Equivalence classes of Boolean functions

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The number of Boolean functions with arity is (Sloane'sA001146).
Many of them are related to each other, and can be grouped in equivalence classes.

This article introduces the names family, faction and clan, as well as the prefixes super and ultra.

own names equivalent under group maximum size sequence
family negation hyperrectangular Sloane'sA000231
faction permutation symmetric Sloane'sA003180 = 2 · Sloane'sA000612
clan negation, permutation hyperoctahedral Sloane'sA000616
super-family negation, complement
super-clan negation, permutation, complement

See also Integer sequences related to Boolean functions.

equivalence classes based on similarity

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basic (negation and permutation)

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family (negation)

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Functions can be turned into each other by negating inputs.

The 10 (exactly) 2-ary Boolean functions form three families, whose representative functions are AND, OR and XOR.   (See this table of 2-ary functions, where equivalents are in the same row.)

The lexicographically smallest truth tables are encoded in Sloane'sA227722 = 0, 1, 3, 5, 6, 7, 15, 17, 18...

faction (permutation)

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Functions can be turned into each other by permuting inputs.
While families and clans can be self-complementary, factions can not. (Therefore the number of factions is always even.)

clan (negation, permutation)

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Functions can be turned into each other by negating and permuting inputs.

The lexicographically smallest truth tables are encoded in Sloane'sA227723 = 0, 1, 3, 6, 7, 15...

super (extension with complement)

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Each Boolean function has a complement. So have the equivalence classes defined above.
Those defined here are the merge of two complements.

super-family (negation, complement)

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Every family has a complement. Together they form a super-family.
This family is a complete super-family: 1110 0001

super-faction (permutation, complement)

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Every faction has a complement. Together they form a super-faction.   (Every super-faction contains two factions.)

super-clan (negation, permutation, complement)

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Every clan has a complement. Together they form a super-clan.
This family is a complete super-clan: 1110 1000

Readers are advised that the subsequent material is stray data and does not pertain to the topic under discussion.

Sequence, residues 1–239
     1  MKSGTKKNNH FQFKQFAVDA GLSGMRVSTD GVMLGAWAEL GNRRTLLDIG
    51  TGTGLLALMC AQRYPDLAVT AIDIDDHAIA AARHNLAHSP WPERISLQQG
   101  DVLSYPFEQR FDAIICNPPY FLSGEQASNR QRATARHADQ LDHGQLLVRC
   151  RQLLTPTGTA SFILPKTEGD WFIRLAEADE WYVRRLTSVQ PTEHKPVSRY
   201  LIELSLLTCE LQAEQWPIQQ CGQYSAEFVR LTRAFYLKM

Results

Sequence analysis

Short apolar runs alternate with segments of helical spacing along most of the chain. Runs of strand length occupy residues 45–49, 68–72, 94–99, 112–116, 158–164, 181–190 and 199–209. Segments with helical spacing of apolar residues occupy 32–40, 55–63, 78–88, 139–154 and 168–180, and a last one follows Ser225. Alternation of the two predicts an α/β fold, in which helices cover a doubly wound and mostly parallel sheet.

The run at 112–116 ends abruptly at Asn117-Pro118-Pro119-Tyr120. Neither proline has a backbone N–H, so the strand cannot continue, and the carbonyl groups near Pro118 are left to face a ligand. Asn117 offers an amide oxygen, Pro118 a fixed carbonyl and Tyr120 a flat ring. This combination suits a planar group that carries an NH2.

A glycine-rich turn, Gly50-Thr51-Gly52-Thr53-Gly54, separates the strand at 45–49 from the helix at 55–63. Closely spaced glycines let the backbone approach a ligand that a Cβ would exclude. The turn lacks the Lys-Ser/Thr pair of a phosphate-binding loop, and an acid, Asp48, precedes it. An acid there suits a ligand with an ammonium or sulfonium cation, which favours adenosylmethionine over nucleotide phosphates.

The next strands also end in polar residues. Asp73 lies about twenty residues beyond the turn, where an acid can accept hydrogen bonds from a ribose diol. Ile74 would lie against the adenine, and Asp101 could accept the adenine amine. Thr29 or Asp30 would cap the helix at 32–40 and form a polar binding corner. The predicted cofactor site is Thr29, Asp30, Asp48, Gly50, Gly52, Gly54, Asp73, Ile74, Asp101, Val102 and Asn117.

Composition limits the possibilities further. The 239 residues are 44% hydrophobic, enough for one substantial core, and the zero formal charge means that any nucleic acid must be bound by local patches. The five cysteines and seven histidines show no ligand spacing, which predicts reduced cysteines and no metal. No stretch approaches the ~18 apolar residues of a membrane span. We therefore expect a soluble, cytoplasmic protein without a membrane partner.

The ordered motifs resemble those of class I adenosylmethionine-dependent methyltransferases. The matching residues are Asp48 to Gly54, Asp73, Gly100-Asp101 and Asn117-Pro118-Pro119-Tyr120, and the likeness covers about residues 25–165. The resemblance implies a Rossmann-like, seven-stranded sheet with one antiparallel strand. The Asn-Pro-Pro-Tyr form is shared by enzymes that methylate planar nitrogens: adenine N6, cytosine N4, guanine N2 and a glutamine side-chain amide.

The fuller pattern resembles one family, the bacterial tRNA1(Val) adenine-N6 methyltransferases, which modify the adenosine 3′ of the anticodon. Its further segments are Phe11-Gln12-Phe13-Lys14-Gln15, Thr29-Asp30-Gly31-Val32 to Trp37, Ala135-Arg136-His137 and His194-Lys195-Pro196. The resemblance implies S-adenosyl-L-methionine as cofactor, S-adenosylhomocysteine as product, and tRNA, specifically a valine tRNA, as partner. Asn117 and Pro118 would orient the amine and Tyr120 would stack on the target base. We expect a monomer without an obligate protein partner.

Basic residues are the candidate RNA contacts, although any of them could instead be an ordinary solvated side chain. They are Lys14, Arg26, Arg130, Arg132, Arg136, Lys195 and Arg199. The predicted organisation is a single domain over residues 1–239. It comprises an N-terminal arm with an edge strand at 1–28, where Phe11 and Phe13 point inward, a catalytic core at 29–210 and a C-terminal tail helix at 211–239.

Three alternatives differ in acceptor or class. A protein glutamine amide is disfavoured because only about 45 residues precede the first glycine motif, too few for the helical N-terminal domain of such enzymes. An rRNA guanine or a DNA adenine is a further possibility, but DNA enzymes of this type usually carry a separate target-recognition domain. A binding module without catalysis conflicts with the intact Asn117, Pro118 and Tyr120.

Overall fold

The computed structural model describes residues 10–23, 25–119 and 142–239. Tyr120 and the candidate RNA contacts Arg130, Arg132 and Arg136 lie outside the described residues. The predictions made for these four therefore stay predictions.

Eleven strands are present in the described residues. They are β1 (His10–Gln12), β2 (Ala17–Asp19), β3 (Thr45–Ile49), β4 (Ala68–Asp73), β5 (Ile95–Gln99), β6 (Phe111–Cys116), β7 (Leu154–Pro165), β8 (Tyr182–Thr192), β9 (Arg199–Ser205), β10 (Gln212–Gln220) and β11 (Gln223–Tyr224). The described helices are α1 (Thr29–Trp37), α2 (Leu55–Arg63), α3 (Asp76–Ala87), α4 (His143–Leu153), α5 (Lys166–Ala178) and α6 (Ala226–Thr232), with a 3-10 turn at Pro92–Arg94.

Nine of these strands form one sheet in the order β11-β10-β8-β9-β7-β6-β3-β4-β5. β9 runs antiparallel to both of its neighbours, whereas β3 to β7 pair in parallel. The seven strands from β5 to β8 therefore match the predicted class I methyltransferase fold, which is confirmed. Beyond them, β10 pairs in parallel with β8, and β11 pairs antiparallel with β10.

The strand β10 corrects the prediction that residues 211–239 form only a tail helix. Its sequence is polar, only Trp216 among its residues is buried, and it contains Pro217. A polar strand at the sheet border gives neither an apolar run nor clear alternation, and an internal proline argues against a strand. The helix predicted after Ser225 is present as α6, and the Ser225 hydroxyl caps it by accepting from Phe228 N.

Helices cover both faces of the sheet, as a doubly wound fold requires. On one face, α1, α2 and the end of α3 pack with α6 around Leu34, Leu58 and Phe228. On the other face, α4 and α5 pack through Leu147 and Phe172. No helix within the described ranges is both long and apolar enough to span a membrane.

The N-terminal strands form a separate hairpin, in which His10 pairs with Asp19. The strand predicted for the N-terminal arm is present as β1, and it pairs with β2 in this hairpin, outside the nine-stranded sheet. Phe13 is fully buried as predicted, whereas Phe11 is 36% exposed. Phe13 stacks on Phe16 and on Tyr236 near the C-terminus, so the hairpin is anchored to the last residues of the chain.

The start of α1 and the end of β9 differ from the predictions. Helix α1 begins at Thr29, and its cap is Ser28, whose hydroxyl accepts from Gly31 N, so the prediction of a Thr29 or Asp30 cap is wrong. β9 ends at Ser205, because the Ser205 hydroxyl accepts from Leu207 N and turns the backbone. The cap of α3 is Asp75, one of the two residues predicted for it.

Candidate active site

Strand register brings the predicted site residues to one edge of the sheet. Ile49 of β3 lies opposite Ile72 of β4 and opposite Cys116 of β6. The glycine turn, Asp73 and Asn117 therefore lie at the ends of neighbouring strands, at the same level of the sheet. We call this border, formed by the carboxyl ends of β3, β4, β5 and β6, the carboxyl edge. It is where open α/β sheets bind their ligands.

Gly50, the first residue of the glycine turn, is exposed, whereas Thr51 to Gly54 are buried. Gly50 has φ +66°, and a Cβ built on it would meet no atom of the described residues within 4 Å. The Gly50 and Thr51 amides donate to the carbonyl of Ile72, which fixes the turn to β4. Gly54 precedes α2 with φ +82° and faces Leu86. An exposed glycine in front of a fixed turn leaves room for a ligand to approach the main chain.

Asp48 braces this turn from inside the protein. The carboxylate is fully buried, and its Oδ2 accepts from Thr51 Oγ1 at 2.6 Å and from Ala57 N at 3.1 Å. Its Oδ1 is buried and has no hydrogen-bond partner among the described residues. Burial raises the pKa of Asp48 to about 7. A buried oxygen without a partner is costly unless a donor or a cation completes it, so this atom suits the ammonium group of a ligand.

ultra (extension with half-complement)

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The two families on the left form a super-family.
The family on the right is a super-family on its own.
Together these two super-families form an ultra-family.

Each Boolean function has two half-complements. (The truth table is complemented on the left or on the right side.)
A super-family has a unique half-complement. Merging them gives an ultra-family.
As super-clans consist of super-families, they can be extended in the same way.
(Factions do not have a unique half-complement, so it does not seem useful to define ultra-factions.)

ultra-family (negation, complement, half-complement)

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The functions in an ultra-family have symmetric positions in a hypercube graph (or the related matrix). See matrices.
This family is a complete ultra-family: 1100 1010     (better seen in its matrix)

ultra-clan (negation, permutation, complement, half-complement)

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An ultra-clan is the merge of a super-clan and its half-complement.
It can also be seen as a merge of ultra-families, that are permutations of each other.
See here for a table of the 39 ultra-families of 4-ary Boolean functions.

Examples of extended families and clans

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Partitions into blocks of equal size

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parity, depravity, quadrants

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even evil (0) even odious (2)
odd evil (1) odd odious (3)

The parity and depravity of a Boolean function are based on the first and last bit of its truth table.
It is even (odd), iff the first digit of the truth table is false (true). Its Zhegalkin index is also even (odd).
It is evil (odious), iff the last digit of the truth table is false. Its Zhegalkin index has even (odd) binary weight.
(These terms make sense for the Zhegalkin index, rather than the truth table.)
Parity and depravity partition the Boolean functions in halves. Together they partition them into quadrants.


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Truth tables with odd weight shall be called sharp. Those with even weight are dull.
(Unlike parity and depravity, this is only the property of a truth table – not of a Boolean function.)

consuls (binary Walsh spectra)

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All truth tables in this family have the consul with index 6.
Dull tribes of 3-ary truth tables are marked with four colors.

The Walsh spectrum of a truth table is its product with a Walsh matrix.
Its binary Walsh spectrum is its product with a binary Walsh matrix, using F2 operations (mod 2).
It is always a Walsh function, and shall be called consul. The term is also used for the integer denoting the Walsh function.


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The consul weight is the binary weight of the consul. (E.g. consul 6 has consul weight 2.) Ultra-clans with dull truth tables have a unique consul weight. For n-ary truth tables they form the tribes 0...n.
Sharp truth tables form a tribe on their own.

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